Outside is white with snow, and abundant winds cause blowing snow to build drifts around buildings until we are surrounded and covered in blankets of white. By the time spring thaw commences, we can have snowdrifts over 15 feet high around our buildings. We live in a land of strong winds which beat the drifting snow into rock hard mounds. We often have to dig out windows on the lower floor to see out and let light in. We cut steps in the hard-packed snow to climb up and over drifts from one building to another, such as when walking between the main house and generator building. Jim is shoveling out the Powerhouse door.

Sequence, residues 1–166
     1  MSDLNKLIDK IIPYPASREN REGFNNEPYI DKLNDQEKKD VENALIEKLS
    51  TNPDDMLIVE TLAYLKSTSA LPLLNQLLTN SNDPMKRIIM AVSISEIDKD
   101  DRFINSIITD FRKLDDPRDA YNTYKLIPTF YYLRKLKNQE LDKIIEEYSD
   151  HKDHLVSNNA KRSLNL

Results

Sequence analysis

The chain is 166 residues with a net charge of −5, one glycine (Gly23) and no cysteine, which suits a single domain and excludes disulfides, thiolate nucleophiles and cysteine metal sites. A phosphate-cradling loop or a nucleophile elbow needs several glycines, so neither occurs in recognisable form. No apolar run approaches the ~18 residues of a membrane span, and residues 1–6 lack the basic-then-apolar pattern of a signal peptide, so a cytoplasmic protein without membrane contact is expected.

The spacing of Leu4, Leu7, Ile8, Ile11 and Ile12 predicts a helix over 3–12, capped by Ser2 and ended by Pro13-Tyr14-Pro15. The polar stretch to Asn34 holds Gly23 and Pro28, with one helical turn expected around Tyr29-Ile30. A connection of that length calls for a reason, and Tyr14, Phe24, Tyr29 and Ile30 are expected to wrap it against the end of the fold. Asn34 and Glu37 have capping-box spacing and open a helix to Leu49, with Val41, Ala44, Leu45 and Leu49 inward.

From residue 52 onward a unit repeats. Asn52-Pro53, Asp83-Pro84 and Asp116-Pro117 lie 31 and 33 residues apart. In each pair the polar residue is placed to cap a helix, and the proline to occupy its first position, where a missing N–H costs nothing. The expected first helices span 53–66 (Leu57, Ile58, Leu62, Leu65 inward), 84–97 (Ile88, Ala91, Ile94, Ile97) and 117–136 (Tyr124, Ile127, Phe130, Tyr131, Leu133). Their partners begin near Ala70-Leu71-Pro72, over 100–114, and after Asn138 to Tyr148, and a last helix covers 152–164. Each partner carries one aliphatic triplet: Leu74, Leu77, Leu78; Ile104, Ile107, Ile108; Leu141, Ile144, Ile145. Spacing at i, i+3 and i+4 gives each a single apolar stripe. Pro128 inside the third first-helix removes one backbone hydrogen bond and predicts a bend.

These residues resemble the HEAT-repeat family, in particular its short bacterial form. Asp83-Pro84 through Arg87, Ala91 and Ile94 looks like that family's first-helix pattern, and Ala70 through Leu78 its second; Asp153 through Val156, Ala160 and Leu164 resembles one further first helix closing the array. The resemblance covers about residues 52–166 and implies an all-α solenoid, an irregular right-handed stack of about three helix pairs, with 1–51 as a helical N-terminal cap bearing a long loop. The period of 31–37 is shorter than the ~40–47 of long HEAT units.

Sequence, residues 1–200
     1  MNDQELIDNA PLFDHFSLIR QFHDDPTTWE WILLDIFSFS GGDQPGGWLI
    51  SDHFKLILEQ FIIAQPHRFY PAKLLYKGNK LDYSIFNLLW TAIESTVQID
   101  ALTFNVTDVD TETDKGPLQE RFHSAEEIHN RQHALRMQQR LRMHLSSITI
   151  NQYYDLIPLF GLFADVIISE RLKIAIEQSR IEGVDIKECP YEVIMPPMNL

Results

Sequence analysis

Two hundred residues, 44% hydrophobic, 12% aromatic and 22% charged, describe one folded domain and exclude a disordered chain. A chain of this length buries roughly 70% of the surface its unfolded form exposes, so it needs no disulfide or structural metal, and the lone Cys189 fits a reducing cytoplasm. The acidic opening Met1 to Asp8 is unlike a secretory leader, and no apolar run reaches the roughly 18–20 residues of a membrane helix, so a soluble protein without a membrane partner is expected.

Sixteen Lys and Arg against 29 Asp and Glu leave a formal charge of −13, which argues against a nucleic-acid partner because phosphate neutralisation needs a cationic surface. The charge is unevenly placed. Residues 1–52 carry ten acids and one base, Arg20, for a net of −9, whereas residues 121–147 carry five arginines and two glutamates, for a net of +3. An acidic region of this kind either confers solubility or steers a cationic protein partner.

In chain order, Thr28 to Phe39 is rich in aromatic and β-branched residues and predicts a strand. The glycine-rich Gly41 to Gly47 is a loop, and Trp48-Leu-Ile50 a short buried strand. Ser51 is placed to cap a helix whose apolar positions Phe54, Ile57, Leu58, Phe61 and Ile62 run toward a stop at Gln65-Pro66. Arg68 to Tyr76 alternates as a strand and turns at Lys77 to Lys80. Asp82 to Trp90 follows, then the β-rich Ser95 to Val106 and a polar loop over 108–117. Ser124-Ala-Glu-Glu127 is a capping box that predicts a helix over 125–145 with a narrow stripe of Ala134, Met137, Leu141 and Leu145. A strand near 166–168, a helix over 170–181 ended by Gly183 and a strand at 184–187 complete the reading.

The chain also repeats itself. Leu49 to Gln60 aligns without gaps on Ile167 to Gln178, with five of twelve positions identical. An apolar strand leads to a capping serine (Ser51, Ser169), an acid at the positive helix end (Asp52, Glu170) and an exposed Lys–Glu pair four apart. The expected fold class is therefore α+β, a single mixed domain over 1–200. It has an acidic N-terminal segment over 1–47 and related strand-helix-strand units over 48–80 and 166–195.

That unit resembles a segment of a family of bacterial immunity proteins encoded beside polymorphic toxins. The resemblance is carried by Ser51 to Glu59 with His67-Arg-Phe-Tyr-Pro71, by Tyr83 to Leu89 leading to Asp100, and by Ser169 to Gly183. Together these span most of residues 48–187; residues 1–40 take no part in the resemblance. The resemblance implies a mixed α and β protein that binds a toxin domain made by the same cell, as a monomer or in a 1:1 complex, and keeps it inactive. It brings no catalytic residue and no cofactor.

Here are two pictures near the same spot summer and late winter to show how deep the snow drifts get.
Although we do have days with blue skies and calm winds, fog or blowing snow and overcast skies produce many winter days of “white-out” conditions. This is when ground and sky blend together in all white, obscuring all shadows that allow a person to have depth perception. You can try walking or driving a vehicle, like a skidoo, and not be able to see a thing! It is like being blind in white, instead of all dark. You can step over a drop-off on a drift of snow, or suddenly bump into a wall of snow, never being able to see either. When I have needed to get between buildings in such conditions, sometimes I’ve had to crawl, carefully feeling my way along.